For our second backpacking adventure we decided on the lakes off Ira Spring Trail. Named for a noted photographer and conservationist, the trail offers expansive views of Mt Rainier and a choice of lakes to stop at. We had hiked Mason Lake before, so we had a good idea what to expect.
After a couple mile drive up the well-maintained Forest Service road, you reach the Ira Spring trailhead. Due to our garage sale adventure, we arrived late and started our hike just past 1PM. We were aiming for Mason Lake, which is about 3.25 miles in and 2400ft up. The climb begins in a heavily wooded area with an even rise for the first mile. After several switchbacks, you break out to an Alpine meadow and rock slides, which prove slightly more difficult. Wildflowers dot the landscape, providing splashes of color amongst the gray and green.
At three miles, we crested the ridge line and began a gentle descent into the densely forested Mason Lake basin. After half a mile, you reach the water’s edge. Massive boulders surround the trail and line the edge of the lake, silently hinting at the extreme geologic forces that shaped the Cascade range. We found an unoccupied boulder by the lake and sat down for a late lunch of baked chicken legs. Though small and inviting on a warm summer day, Mason Lake is deep and glacier fed, making it supremely cold. Lunch was punctuated by teenagers shrieking in pain after a quick jump in.
Given our late arrival, about 3PM, we weren’t surprised to find most of the campsites already taken. One lone site, set back from the lake, was available. We decided to press on though, curious what Rainbow and Island Lakes had to offer. The first, Rainbow, is barely half a mile on, though we didn’t stop since we were aiming further. After the broad, arrow-straight trail to Mason, the narrow, meandering, and hilly hike was a welcome change. Plus, it was practically deserted.
After a mile, we arrived at the generously named Island Lake. While little more than a shallow pond, it was still a beautiful sight. Lily pads dotted the surface and dragonflies flittered about. The water line looked low (we’re in a drought after all), so the “island” was more a marshy peninsula. With no one else in the area, we claimed a spot just off the water and set up camp.
Dinner was served early at our campsite that evening. Unfortunately, we were the meal.
What do you get when you combine a shallow pond, warm water, and an early summer? Yup, mosquitos. I wager we were their first feast of the year. An evening breeze and prodigious amounts of bug spray helped, a bit. Following a dinner of (surprisingly tasty) freeze-dried Mountain House beef stroganoff, we retired to the safety of our tent. The ravenous horde buzzed above our head, just out of reach.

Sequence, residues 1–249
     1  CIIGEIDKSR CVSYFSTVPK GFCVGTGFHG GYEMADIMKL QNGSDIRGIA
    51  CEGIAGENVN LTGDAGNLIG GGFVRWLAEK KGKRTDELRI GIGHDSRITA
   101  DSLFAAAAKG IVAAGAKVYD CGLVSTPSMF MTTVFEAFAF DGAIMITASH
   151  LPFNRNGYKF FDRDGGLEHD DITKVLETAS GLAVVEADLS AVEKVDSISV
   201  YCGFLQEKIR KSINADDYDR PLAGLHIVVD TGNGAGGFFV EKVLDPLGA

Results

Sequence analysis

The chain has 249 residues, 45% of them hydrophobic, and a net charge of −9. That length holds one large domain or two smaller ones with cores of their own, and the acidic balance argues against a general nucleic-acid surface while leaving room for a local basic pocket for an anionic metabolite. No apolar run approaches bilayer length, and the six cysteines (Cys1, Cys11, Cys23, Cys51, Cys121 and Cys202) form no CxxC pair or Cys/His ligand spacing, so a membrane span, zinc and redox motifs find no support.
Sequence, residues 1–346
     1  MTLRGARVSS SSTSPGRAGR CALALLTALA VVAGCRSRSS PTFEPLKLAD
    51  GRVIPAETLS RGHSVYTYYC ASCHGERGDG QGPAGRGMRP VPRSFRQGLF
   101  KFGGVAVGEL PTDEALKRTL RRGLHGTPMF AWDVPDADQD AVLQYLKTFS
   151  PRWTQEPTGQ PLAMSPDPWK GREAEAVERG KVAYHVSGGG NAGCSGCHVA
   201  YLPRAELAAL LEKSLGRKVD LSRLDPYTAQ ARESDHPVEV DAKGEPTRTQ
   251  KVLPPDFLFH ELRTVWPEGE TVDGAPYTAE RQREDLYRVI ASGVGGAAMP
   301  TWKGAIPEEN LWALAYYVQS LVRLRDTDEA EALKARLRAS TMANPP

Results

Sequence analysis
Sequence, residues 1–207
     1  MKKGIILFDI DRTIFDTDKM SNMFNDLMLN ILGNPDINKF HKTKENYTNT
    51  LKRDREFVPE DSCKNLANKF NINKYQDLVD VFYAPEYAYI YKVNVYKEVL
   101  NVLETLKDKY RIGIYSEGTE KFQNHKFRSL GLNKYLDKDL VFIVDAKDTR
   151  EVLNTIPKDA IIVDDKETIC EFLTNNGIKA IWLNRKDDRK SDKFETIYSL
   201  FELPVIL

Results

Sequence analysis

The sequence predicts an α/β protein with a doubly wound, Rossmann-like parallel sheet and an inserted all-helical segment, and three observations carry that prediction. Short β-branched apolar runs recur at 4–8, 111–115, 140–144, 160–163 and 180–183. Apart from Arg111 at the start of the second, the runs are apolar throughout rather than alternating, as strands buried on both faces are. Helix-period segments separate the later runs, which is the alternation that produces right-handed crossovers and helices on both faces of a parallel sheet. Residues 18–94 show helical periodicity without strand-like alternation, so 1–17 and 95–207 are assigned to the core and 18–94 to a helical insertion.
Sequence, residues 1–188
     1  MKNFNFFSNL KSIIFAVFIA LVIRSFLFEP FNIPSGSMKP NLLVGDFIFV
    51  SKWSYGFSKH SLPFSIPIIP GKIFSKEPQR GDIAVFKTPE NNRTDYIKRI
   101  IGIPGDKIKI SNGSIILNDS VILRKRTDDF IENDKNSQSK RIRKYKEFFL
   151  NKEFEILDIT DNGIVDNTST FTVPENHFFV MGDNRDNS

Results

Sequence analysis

The warm, sunny day led to a typical cold, clear night. This scattered the mosquitoes and brought out the stars. Even with the illumination of a waning moon, it was still a sight to behold. With near total silence, we lay in our tent meditating on the Milky Way majestically stretched out above us. We also spotted several satellites, and even saw the International Space Station transit the night sky.
The cold night also provided an opportunity to test our sleep “system” (because everything in backpacking, from cooking to climbing, is a “system”). I did have a pad, but forgot a long-sleeve shirt so my arms were colder than I’d prefer. My wife, however, suffered through another chilly, sleepless night. For our next trip she’s purchased a balaclava, sleeping bag liner, and high r-rated pad. She’ll also be sleeping with a hot-water filled Nalgine bottle, so she should be nice and toasty.
Morning broke, the temperature rose, the mosquitoes came out, and we broke camp for the hike back. Back at the ridge line, just passed Mason Lake, we were treated to an astonishing view of Mt Rainier. It was an awe-inspiring sight, with cotton candy clouds dotting the sky and the snow-capped peak towering above the Cascades. It was a fitting way to cap a wonderful trip.
More learnings from the trail
With each journey comes new learnings. Here are a few of the latest lessons:
- Tracking details: I’ve started keeping a log of possibly useful data points, such as our starting pack weight, and what time we begin and end a hike. Given our challenges with chilly evenings, I also bought a digital thermometer that tracks the high and low temperatures so we’ll know how cold it gets in the deep of night. Hopefully all of this will help us better plan our future trips.
- Make a list: There are probably 200 individual items we bring with us on each trip, from a change of socks to iodine tablets. The big things (tents, sleeping bags) are hard to forget, but the details (a trash bag, matches) are easy to overlook. So, we created a checklist which we’ll go through when packing to ensure we have everything. We’ll continually revise it, but you can download our first version (PDF).
- “Personal warmth system”: As we get more into backpacking, it is becoming clear that there’s no one thing that will keep you warm at night. While a sleeping bag may be “rated to 20F”, that assumes you have a good pad, proper base layer, and decent tent. On a particularly cold night, you may also need a hat, gloves, and heated water bottle. Needs vary significantly from person to person, so expect some time to figure out what works for you.